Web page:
Her mother died when she was twelve, and suddenly Artemisia Gentileschi had a stark choice: a life as a nun in a convent or a life grinding pigment for her father's paint. She chose paint. By the time she was seventeen, Artemisia did more than grind pigment. She was one of Rome's most talented painters, even if no one knew her name. But Rome in 1610 was a city where men took what they wanted from women, and in the aftermath of rape Artemisia faced another terrible choice: a life of silence or a life of truth, no matter the cost. He will not consume my every thought. I am a painter. I will paint. Joy McCullough's bold novel in verse is a portrait of an artist as a young woman, filled with the soaring highs of creative inspiration and the devastating setbacks of a system built to break her. McCullough weaves Artemisia's heartbreaking story with the stories of the ancient heroines, Susanna and Judith, who become not only the subjects of two of Artemisia's most famous paintings but sources of strength as she battles to paint a woman's timeless truth in the face of unspeakable and all-too-familiar violence. I will show you what a woman can do.
Blood Water PaintFeatured
In 1600s Rome, Artemisia Gentileschi has few choices in life: she could be a nun, she could be ruled by a husband, or she could grind pigment for her father’s paint. Though no one knew her as an artist, she was brimming with talent and passion for painting. Told in verse, this novel follows Artemisia’s young life as she battles a patriarchal world, is raped, and is repeatedly silenced. But most of all, she paints images that will one day become legend, expressing emotion and color that transcends centuries.
Prior to reading BLOOD WATER PAINT, I admit that I did not know who Artemisia Gentileschi was. After doing a quick search, I recognized some of her paintings inspired by Susanna and Judith, but I’m not sure I ever heard her name. This incredible novel shines light on someone who should be as well known, if not more so, as Leonardo di Vinci or Michelangelo. Gentileschi’s life was the picture of provincial. As a woman in her time, she had little power or respect. Joy McCullough expresses Gentileschi’s frustration, pain, and sadness over this without making her situation seem hopeless. Not only is she not allowed to be known as an incredible artist, but she is also aware that telling anyone about her sexual assault could lead to anything from severe societal ostracization to criminal punishment. A major theme in her journey is figuring out how to find catharsis, how to find support, and how to find justice in an unjust world.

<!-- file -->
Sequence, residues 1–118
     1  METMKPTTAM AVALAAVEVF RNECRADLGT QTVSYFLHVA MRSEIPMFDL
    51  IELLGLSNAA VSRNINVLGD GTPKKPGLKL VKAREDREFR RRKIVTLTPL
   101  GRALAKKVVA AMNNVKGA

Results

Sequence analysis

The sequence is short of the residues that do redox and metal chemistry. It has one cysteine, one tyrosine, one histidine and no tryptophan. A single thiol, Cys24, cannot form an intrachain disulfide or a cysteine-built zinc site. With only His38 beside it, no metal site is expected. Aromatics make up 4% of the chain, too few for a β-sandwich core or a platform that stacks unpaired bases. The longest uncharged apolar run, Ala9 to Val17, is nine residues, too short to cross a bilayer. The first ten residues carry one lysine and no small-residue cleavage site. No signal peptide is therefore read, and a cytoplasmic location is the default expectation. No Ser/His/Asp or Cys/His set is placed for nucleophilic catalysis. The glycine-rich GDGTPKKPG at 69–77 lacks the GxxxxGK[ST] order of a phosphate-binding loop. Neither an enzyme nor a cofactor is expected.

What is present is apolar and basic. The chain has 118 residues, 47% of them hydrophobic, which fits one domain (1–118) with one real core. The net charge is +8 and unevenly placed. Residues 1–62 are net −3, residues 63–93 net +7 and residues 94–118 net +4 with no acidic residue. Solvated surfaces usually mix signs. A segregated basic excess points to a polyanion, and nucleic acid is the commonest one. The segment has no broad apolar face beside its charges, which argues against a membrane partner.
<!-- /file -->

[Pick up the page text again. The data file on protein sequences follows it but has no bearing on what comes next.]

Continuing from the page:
Nothing seems as fitting as telling this artist’s story in verse. McCullough’s language is breathtaking and punching. The scenes of Gentileschi painting have magical imagery. I often found myself pausing to look up the painting she was working on and was just amazed at both her talent and McCullough’s precise craft that captured Gentileschi’s artistic development.
BLOOD WATER PAINT is a great addition to the historical fiction shelf, not only highlighting an underrepresented artist but also providing an emotional manifestation of the power of art, whether that is written art or visual.